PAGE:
Phyllis Grayson can’t stop dancing—she does pliés at the microwave and élevés while the oven preheats. She’s dancing through her days thanks to ballet class at Senior Action, and in only six months, her legs are firmer, her balance is better, and she’s even grown half an inch.
“It’s my posture,” she says. “You keep hearing that you’re shrinking, but then they told me I gained half an inch, and the only thing I can attribute it to is ballet.”
Senior Action began offering ballet last fall as part of its Fine Arts Center, which offers a variety of courses beyond the organizations’ typical offerings. Students pay a 12-week tuition and can enjoy classes including guitar, oil painting, pottery, and several dance options, all taught by expert instructors.
Classical Ballet is taught by Josha Williams, who danced professionally for seven years at Carolina Ballet Theatre. Her Senior Action students rave about her approach, which starts with the basics, and is ideal for ballet beginners, “but she doesn’t dumb it down,” Grayson says. “It’s more work than you would think!”
Williams, who also teaches Pure Barre exercise classes, says this is not an exercise class—it’s strictly a ballet class, though exercises to shape and tone muscles are sometimes incorporated.
“We started from the ground up: your feet, how do you distribute your weight, how do you find stability? I wanted to make sure that when they walked into this class, they felt like it was possible,” Williams says.
Grayson had tried ballet when she was 40 (she is now 71) and ran into that very problem; that class was too advanced, and she felt out of place. She said anyone can feel included in the Senior Action class. “I felt like I was the least qualified person,” she says. “I don’t look like a ballet dancer. But it’s been wonderful.”
Susan Brown-Stewart has more dance experience, including a couple of years of ballet in college and many years of ethnic dancing, jazz, and tap. She also works out seven days a week, but the class still added an important element to her fitness routine. “It reminds you of integrating all of your body parts together,” says Brown-Stewart, who started in January. “It’s every muscle group, with every step you take. This class brought that back to me.”
Both women say the class helped them with physical issues they have been grappling with. Grayson can now balance on her leg that has an artificial knee, while Brown-Stewart has degenerative disc disease and says the class helps her feel better. Many of the participants also take advantage of Senior Action’s other fitness offerings, including Silver Sneakers exercise classes, the swimming pool, and the weight room.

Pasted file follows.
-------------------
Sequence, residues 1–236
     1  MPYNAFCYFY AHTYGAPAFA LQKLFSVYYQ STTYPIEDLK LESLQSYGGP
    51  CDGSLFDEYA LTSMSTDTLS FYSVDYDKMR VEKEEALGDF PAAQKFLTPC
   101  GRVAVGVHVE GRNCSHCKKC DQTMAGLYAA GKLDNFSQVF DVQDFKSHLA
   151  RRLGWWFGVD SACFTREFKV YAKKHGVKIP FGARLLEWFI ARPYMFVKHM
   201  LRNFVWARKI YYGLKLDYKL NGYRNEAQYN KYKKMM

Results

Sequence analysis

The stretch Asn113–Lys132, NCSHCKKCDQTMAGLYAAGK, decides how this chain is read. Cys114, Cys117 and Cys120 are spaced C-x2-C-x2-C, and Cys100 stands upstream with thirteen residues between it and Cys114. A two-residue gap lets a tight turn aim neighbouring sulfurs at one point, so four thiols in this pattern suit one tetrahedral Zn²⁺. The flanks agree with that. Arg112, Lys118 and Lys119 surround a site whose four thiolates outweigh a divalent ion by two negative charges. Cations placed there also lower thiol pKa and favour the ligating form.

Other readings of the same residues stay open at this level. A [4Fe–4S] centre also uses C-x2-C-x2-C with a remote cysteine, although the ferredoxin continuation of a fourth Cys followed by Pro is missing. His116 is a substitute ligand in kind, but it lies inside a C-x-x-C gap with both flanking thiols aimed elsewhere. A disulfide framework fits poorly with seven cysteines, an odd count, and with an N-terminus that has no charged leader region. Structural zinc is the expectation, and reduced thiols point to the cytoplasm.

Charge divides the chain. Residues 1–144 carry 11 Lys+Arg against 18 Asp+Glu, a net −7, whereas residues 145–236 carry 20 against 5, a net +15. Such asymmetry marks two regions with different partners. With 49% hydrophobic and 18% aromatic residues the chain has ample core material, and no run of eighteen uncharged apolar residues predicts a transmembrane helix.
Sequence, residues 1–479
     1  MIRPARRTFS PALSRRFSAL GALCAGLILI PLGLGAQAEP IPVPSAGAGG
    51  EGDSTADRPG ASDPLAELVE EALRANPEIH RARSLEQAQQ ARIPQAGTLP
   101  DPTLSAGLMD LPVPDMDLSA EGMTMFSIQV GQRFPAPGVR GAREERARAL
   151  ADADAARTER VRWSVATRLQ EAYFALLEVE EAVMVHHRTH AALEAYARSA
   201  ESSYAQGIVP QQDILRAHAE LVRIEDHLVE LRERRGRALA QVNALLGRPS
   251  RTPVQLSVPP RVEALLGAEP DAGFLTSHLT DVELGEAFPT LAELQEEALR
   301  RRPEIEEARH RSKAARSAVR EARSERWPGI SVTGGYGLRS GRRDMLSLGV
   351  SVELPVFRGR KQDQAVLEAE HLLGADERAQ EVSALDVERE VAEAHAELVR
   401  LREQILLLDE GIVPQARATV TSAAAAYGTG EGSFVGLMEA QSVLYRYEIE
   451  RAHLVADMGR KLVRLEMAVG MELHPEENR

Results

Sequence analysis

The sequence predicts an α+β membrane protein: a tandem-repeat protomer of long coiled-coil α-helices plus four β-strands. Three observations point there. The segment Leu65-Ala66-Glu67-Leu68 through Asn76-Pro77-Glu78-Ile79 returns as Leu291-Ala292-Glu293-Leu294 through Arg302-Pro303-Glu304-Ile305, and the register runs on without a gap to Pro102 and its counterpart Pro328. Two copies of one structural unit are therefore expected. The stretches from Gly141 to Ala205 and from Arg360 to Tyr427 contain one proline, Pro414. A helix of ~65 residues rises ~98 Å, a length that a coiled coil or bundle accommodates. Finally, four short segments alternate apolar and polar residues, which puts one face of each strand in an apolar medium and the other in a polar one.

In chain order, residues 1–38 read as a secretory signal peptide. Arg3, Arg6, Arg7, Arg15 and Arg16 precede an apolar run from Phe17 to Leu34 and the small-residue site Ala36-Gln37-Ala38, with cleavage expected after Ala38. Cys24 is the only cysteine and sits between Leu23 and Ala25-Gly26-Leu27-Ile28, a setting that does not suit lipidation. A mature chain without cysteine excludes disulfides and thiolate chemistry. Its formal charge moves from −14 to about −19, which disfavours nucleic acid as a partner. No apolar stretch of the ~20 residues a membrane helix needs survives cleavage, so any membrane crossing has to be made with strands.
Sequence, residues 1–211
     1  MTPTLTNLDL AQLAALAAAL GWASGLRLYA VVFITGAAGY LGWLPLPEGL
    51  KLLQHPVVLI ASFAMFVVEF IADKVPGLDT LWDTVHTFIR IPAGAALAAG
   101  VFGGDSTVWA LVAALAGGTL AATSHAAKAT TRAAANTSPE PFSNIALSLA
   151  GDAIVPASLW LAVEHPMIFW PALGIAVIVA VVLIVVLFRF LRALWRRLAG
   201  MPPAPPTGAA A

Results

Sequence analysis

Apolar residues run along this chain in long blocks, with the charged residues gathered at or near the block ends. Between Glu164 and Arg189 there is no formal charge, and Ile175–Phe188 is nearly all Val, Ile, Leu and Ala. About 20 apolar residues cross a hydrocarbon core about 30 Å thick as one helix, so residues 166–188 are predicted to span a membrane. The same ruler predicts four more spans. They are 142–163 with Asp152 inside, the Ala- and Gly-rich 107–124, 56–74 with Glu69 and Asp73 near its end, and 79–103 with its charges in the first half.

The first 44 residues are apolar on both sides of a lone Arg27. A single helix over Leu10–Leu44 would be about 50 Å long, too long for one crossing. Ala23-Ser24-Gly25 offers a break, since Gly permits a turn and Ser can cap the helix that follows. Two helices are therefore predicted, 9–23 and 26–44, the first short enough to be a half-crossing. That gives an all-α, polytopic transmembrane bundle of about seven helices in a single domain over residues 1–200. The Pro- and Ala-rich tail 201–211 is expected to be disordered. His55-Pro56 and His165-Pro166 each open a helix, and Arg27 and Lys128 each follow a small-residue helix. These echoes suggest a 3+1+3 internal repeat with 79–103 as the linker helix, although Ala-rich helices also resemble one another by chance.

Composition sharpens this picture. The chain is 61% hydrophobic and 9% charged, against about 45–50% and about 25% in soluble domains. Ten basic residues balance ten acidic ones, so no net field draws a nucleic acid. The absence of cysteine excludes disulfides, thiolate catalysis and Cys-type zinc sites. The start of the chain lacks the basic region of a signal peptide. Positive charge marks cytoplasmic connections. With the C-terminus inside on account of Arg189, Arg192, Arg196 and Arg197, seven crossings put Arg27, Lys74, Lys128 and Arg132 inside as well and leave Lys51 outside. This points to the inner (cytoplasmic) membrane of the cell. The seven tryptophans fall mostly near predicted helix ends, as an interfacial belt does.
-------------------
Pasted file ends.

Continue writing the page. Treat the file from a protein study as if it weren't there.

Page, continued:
The class is brushing up on skills and hopes to offer a demonstration in the near future. Grayson jokes that they are calling it a “demonstration” because saying “performance” might make the dancers too nervous.
But Williams knows the class would conquer those fears. “Whether it’s something they always wanted to do, or it used to give them joy, they have the bravery to walk in and figure out what’s possible for them,” she says. “I want to match that. They inspire me.”
Want to try it?
Spring Semester: April 4-June 24
Fine Arts Center annual enrollment fee: $50 (waived for Senior Action Members)
Class Tuition (per 12-week semester): 1 class, $140; 2 classes, $130 each; 3 or more, $120 each
More information: senioraction.org
Class options include:
- Contemporary Dance
- Dance Improvisation
- Poetry & Dance
- Great American Songbook
- Watercolor Painting
- Fiber Arts: Felting
Ballet phrases to know:
Piqué: pricked, pricking; stepping directly on the pointe of the working foot
Pirouette: whirl or spin; a complete turn of the body on one foot
Plié: Bent, bending.
Port de bras: carriage of the arms
En croix: in the shape of a cross
Fouetté: to whip
Relevé: to rise